Canola has high potential for seed shatter, and seed losses at harvest can be substantial. Researchers are trying to find and test methods to improve genetics and machinery to reduce losses. However, they need more efficient tools to measure those losses. At this time, no proven time-efficient tools are available to estimate pod drop and pod shatter accurately and consistently. This project was designed to improve research tools.
The vacuum method (please see the photo with the Limit loss article) is the current standard for measuring pre- and post-harvest loss, but it takes a lot of time and tedious work to achieve accurate results. It literally means vacuuming up all fallen material on the soil surface, including pods and loose soil.
This study evaluated different methods — catch tray, pod retention resistance, visual rating using digital photography, and the standard vacuum method — to address the following questions:
- How do the visual rating and tray-based methods compare for determining pod-drop and seed-shatter?
- Can digital images be used to estimate pod-drop and seed-shatter?
- Can pod retention resistance be quantified quickly and reliably and is this measurement related to pod-drop in canola?
- Are there fundamental differences in pod-drop and seed-shatter between open-pollinated and hybrid canola varieties?
Field trials were conducted in 2011 and 2012 at Carman, MB and Kelburn Farm south of Winnipeg, MB to compare the methods. Field studies compared eight different canola varieties — four hybrid and four OP — at two different seeding densities.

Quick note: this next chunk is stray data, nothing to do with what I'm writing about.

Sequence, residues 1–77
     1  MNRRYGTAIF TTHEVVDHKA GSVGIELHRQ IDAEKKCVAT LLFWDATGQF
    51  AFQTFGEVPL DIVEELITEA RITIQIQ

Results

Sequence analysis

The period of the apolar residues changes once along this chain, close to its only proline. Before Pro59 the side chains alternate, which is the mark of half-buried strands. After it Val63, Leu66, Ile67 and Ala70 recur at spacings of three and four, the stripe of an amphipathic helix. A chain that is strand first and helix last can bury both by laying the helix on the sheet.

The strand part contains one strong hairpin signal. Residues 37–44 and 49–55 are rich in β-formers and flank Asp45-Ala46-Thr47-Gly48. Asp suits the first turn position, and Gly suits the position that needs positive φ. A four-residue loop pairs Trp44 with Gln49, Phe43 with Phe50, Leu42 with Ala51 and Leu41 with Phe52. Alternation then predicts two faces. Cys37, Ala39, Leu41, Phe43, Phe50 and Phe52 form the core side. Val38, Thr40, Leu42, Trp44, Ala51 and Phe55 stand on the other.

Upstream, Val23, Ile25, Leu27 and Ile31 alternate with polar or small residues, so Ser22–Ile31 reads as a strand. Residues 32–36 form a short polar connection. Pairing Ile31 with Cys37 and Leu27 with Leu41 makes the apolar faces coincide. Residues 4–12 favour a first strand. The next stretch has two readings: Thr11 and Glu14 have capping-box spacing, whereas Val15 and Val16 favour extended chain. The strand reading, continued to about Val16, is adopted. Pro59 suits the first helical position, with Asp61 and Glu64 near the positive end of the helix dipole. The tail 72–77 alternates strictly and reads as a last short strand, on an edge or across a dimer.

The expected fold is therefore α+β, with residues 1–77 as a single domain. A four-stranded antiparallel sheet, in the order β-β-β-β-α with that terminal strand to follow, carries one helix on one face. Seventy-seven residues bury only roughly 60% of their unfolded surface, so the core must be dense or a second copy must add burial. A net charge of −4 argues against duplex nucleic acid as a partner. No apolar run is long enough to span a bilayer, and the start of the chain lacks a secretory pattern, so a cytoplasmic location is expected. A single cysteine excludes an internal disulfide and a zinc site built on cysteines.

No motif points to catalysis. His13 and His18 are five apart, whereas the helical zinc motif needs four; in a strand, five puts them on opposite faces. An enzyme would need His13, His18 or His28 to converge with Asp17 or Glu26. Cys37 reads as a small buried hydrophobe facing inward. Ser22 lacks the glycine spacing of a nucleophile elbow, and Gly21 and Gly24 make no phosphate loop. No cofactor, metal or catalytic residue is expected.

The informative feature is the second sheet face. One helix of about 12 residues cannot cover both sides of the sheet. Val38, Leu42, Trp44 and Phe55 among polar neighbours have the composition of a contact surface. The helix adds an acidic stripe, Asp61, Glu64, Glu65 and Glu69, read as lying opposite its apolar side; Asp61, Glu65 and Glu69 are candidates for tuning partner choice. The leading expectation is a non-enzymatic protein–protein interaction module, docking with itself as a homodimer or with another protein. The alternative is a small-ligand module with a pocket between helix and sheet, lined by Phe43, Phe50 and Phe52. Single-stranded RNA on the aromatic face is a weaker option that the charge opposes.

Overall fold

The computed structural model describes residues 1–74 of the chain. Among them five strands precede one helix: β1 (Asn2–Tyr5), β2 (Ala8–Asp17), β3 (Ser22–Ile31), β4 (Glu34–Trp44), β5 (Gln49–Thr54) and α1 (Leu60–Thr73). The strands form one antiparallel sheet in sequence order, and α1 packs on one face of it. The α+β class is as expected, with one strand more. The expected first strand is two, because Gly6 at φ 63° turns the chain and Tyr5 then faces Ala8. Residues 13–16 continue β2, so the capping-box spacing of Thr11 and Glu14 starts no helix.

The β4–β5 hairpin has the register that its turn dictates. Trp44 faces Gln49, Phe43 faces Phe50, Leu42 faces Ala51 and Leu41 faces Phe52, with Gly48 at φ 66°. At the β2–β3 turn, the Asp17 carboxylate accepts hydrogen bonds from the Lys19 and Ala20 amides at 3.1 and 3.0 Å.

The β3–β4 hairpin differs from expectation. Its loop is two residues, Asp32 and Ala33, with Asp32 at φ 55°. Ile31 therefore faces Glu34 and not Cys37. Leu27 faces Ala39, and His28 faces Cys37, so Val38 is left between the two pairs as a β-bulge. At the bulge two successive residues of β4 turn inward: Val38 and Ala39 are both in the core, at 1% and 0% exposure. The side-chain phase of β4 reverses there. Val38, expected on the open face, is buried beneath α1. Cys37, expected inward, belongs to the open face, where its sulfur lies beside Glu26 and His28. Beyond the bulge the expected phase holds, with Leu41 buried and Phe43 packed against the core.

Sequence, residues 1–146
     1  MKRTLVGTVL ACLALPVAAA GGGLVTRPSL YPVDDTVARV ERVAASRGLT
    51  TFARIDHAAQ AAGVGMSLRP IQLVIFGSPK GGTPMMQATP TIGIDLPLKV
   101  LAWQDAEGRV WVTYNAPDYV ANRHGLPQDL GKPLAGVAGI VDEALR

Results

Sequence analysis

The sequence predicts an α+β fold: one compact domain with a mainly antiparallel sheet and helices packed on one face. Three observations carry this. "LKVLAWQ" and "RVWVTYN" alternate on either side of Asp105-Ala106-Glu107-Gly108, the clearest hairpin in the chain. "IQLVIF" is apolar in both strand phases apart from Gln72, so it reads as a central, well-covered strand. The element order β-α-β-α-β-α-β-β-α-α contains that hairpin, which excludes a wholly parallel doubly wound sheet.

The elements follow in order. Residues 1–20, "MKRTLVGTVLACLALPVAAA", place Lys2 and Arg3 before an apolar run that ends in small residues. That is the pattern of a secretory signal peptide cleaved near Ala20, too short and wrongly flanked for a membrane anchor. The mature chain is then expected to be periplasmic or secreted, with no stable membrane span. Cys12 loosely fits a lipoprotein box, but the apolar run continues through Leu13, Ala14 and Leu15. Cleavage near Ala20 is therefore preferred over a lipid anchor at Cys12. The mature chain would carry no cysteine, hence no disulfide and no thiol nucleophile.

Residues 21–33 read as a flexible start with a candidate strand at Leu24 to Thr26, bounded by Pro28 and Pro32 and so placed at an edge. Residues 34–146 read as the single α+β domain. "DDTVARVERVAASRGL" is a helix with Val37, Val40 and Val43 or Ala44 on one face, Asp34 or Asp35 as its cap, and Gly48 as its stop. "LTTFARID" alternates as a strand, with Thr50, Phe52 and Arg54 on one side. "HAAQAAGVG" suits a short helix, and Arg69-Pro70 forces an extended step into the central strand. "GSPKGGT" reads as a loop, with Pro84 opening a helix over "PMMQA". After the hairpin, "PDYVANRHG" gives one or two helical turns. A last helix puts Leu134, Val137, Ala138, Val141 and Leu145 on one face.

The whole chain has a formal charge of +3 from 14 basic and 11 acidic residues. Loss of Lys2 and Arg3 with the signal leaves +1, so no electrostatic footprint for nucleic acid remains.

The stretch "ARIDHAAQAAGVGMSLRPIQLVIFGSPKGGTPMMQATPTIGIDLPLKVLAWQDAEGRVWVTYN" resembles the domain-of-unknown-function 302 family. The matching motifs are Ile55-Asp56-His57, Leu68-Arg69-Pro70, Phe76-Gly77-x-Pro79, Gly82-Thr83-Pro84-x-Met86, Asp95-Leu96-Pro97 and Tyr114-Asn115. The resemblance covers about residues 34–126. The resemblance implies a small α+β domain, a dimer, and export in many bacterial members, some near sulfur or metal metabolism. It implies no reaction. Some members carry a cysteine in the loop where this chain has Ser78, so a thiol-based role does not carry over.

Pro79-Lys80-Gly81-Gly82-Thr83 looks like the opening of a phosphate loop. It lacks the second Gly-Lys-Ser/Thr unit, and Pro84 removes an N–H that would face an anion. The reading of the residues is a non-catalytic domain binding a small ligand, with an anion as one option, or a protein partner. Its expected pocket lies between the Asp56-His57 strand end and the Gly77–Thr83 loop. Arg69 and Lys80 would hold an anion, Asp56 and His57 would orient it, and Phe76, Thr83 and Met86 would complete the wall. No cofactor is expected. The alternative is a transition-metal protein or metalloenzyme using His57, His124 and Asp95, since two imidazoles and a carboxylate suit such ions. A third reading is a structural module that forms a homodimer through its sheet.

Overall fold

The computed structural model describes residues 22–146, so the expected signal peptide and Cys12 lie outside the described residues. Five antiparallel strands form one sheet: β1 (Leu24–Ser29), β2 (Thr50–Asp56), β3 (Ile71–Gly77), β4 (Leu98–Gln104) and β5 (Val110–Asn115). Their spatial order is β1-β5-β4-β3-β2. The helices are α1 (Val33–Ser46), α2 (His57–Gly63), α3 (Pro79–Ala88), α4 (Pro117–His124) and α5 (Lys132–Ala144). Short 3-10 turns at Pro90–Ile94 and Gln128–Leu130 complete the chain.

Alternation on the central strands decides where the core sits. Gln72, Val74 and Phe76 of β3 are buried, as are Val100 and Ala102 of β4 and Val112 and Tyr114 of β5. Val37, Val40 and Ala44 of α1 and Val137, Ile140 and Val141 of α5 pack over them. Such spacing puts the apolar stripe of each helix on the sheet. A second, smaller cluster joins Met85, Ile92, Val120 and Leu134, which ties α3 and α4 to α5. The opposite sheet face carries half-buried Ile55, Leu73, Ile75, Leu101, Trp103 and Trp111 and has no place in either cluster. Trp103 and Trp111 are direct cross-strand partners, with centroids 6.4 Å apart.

The visual rating and catch tray methods improved time efficiency. However, the visual rating method only provided a good measure of seed-shatter, it did not measure pod drop. The catch tray method provided good estimates of both pod drop and seed shatter. Data generated from this method was comparable to the vacuum method.
Pod retention resistance was measured using a new force gauge method. The gauge measures the force required to tear the petiole of the pod from the rachis, the weakest point of attachment. This provided quantitative data on pod-drop potential for each variety. Refinement and validation across a more broad range of germplasm and different environments are required.
Digital image analysis used cameras to identify dropped canola pods and seeds.
Identification of canola pods against a soil background was possible in the greenhouse experiment, but identifying them on a clean soil background was more challenging due to their size and colour. Analysis of images collected in the field was even more challenging. Current software does not have the capacity for shape and size recognition, and it was not possible to adapt the software for rapid pod or seed recognition from field images. Therefore, this method cannot provide rapid and efficient data generation at this time.
Generally, seed shatter and pod-drop losses were similar for hybrid versus OP varieties. There are differences among the varieties that were tested.
Pod-retention resistance was remarkably consistent for individual varieties over years and locations. The study found that pod retention is not affected by moisture content.
Principal investigator: Rob H. Gulden, University of Manitoba, Winnipeg, MB